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The Core Issue

This is something that I get asked reasonably often and it’s something the patients often mention in passing while discussing their cases. They all t

alk about strengthening and working on the core and it got me thinking… How many actually know what the core is and how it affects our movement patterns? The core is made up of a complex set of muscles that can act as static or dynamic stabilisers depending on the movements we would like to accomplish. However, its primary role is to act as a stabiliser and force transfer centre (1).


The core can be viewed similarly to a box, except it’s full of muscles (2). These muscles comprise of the abdominals (more specifically the internal and external obliques and Transversus abdominus. I am hesitant to include the Rectus abdominus or “six pack” but it does fall in here), gluteals, diaphragm, and lumbar spine (lower back) paraspinals (2). As you can see, the core is made up of a variety of different muscles that act in different ways to transfer forces and stabilise the spine during movement.


Because the core has a variety of muscles that it comprises of, this then requires the person to do a variety of exercises, in different ways to strengthen the core. Many people only do the required sit-ups (or crunches) and believe that this would help strengthen the core. Unfortunately (as shown above), you only really working once muscle of a specific group. Research has shown (2, 3) that sit-ups and crunches are ineffective in working the other core muscles and that a variety of exercises is crucial to effectively work through all muscles.


However, in general, no one-exercise can target a specific muscle group. Your body will always require activation of multiple muscles to help stabilise and move your body while performing the exercise. This is evident, particularly in exercises that require the use of free weights (squats, overhead presses, loaded carries etc). All of these require the stabilisation of the spine and core to effectively transfer the forces generated to the required muscles.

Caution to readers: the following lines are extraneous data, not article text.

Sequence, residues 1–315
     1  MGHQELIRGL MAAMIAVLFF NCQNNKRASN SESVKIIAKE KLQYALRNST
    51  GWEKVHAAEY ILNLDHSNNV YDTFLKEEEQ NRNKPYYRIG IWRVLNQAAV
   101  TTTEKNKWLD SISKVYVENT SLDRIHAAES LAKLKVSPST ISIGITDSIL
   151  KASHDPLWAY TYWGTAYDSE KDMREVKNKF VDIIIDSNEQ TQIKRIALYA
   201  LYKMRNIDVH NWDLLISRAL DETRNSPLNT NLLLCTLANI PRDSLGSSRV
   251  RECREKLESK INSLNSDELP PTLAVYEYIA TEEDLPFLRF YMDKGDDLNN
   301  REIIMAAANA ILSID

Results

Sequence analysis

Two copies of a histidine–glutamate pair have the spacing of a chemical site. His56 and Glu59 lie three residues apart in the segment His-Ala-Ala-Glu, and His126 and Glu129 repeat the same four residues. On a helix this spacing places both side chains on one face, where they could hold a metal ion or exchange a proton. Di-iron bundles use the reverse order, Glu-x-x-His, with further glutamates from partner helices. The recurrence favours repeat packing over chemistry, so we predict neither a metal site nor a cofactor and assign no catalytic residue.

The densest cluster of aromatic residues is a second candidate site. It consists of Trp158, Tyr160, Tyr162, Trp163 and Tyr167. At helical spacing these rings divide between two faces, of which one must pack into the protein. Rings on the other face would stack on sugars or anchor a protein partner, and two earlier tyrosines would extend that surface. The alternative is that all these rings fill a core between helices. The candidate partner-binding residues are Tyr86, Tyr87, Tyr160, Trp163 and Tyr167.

So, the question you may then be asking is… what exercises do I then do to strengthen? The answer… as much of a variety as is possible! And that includes using free weights. Our bodies tend to become accustomed and habituated to the things we do and by mixing things up, your body is required to adapt all the time.



References


1. Kuhland, J. Do you know what your core really is and what it does https://breakingmuscle.com/learn/do-you-know-what-your-core-really-is-and-what-it-does. Accessed 15 May 2017.


2. Akuthota, V., Ferreiro, A., Moore, T., and Fredericson, M. (2008). Core Stability Exercise Principles. Current Sports Medicine Reports, 7(1): p39-44.


3. Escamilla, R.F., Lewis, C., Bell, D., Bramblet, G., Daffron, J., Lambert, S., Pecson, A., Imamura, R., Paulos, L., and Andrews, J.R. (2010). Core muscle activation during swiss ball and traditional abdominal exercises. Journal of Orthopaedic & Sports Physical Therapy, 40(5): p265-276.

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